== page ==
Elon Musk has contoured plans to bill some Twitter consumers as part of his blue print to increase revenue once his $44bn take command of the social media platform has concluded.
The world's affluent man used his Twitter account to disclose that the epoch of without charge tweets was concluding when he said: "Twitter will always be free for casual users, but maybe a slight cost for commercial/government users.
"Some revenue is better than none!" he added in another tweet.
The proclamation builds on a float of other insinuations the Tesla co-founder has made since concurring a deal to acquire Twitter private last week.
In tweets which were afterwards deleted, Musk proposed switches to the Twitter Blue premium subscription service, that includes discounting its price, prohibiting advertising and allowing a choice remit in the cryptocurrency dogecoin.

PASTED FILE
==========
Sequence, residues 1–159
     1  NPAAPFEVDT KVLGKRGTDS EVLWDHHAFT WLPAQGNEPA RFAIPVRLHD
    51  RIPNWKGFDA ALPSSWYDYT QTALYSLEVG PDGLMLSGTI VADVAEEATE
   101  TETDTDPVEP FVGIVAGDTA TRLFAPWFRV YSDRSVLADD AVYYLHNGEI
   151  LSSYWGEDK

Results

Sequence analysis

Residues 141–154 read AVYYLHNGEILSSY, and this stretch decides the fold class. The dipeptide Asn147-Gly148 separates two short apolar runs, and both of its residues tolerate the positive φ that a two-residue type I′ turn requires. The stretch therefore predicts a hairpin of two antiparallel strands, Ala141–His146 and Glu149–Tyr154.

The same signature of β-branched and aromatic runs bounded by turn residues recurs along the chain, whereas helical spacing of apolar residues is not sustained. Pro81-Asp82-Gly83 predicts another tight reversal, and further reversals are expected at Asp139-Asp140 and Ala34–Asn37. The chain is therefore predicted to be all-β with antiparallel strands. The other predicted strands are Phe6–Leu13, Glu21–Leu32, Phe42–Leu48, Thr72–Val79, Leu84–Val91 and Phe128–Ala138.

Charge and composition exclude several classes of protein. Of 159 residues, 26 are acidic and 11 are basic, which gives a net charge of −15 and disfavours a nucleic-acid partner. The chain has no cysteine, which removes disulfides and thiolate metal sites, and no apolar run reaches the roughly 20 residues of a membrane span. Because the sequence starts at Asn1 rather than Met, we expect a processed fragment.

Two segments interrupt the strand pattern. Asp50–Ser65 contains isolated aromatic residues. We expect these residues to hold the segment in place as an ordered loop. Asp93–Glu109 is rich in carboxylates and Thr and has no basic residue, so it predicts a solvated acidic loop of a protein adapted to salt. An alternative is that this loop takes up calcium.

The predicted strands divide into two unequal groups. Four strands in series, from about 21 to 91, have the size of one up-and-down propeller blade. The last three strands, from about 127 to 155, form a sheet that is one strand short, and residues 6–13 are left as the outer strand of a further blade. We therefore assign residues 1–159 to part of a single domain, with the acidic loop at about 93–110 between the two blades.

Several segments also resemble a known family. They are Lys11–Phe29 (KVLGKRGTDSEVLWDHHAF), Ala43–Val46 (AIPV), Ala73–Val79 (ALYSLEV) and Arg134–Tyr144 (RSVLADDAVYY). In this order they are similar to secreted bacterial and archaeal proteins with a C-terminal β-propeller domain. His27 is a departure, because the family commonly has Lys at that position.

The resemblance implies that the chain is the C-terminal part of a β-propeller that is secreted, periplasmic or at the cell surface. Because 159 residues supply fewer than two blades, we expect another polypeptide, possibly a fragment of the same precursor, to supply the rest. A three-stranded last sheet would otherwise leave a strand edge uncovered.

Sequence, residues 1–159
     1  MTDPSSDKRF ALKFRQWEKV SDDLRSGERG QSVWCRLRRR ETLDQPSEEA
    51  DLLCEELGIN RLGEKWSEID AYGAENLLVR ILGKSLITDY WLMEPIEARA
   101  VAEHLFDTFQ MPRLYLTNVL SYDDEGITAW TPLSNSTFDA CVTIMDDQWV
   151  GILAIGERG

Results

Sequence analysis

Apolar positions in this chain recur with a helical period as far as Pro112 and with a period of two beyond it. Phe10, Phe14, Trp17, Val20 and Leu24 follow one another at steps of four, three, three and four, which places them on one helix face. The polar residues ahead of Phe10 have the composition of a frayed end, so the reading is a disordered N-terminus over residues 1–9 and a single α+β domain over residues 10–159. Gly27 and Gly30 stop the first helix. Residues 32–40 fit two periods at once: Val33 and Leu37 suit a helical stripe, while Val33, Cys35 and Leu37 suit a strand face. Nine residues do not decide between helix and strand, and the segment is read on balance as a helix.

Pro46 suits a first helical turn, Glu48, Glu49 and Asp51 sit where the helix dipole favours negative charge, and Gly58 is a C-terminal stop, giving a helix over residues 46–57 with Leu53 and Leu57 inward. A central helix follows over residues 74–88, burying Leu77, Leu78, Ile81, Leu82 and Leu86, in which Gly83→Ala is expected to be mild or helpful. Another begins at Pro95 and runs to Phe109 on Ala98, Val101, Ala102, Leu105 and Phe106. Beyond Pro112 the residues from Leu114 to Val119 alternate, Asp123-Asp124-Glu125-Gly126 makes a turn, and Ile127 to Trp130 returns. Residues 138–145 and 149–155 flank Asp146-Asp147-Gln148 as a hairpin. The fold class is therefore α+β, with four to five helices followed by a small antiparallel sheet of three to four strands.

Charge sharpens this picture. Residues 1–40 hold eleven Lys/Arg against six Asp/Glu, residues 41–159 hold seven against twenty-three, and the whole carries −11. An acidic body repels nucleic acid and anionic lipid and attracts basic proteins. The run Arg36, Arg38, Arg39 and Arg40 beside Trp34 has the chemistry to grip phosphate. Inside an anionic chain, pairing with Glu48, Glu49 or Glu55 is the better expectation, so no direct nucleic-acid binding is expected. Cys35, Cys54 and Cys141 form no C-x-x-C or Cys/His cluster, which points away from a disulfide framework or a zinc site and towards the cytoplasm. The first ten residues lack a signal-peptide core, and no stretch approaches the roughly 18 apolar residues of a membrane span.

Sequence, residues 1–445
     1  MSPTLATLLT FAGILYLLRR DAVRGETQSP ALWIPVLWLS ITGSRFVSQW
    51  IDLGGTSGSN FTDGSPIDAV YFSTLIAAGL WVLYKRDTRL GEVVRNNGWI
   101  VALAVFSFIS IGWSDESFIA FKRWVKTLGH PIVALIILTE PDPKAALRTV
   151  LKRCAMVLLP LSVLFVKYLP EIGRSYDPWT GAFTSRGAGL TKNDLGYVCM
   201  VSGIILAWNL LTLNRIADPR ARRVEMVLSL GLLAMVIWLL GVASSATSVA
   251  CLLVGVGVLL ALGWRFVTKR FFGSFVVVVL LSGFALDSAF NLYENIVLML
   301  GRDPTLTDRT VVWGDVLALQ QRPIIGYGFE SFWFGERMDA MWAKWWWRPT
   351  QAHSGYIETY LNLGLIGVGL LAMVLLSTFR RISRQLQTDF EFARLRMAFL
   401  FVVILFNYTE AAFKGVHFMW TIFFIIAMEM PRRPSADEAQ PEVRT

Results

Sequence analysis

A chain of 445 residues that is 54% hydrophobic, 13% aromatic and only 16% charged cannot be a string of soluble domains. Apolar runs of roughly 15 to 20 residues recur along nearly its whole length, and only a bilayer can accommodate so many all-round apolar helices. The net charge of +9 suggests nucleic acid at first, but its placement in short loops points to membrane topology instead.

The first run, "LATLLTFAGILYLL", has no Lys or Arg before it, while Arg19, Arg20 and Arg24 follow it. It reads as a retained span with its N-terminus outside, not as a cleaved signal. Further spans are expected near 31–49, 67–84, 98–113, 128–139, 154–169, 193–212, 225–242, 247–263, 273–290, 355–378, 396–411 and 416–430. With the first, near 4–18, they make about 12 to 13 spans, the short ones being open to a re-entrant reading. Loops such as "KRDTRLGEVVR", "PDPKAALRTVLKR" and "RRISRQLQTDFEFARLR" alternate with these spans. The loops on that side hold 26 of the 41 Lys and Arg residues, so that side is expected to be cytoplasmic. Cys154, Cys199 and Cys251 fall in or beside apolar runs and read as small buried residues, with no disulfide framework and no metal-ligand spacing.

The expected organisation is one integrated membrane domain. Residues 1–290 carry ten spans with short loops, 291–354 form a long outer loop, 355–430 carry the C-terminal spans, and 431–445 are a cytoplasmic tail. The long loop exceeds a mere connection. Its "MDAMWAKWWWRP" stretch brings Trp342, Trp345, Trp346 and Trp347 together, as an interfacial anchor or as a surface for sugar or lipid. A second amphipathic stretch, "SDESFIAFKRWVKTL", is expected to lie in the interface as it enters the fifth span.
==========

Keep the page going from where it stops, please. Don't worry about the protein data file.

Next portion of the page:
He has also voiced out an aspiration for new attributes to magnify the convenience of the user while also elevating trust by verifying all customers as humans as part of an offer to clamp down on spam bots.
The Reuters news agency announced that he had notified banks he would evolve up to date ways to guarantee income through tweets and cut costs through avenues including executive pay.
At the annual Met Gala in New York on Monday, Musk expressed annoyance that the arrive of Twitter was at the present only "niche" and he would desire a considerable percentage of Americans on it.
Twitter at present has about 40 million regular active users in the US, according to the company.
Musk has allegedly given himself three years to put in practice changes and strengthen performance.
According to the Wall Street Journal, he is calculating to place Twitter back on the stock market in that lapse of time.
The billionaire who is said to have a net value of $245bn on paper had vended $8.5bn worth of Tesla stock to help sponsor his calculated procurement.
Reuters alleged on Monday that he was in communication with merchant banks and other individuals with means to help sponsor the $44bn deal.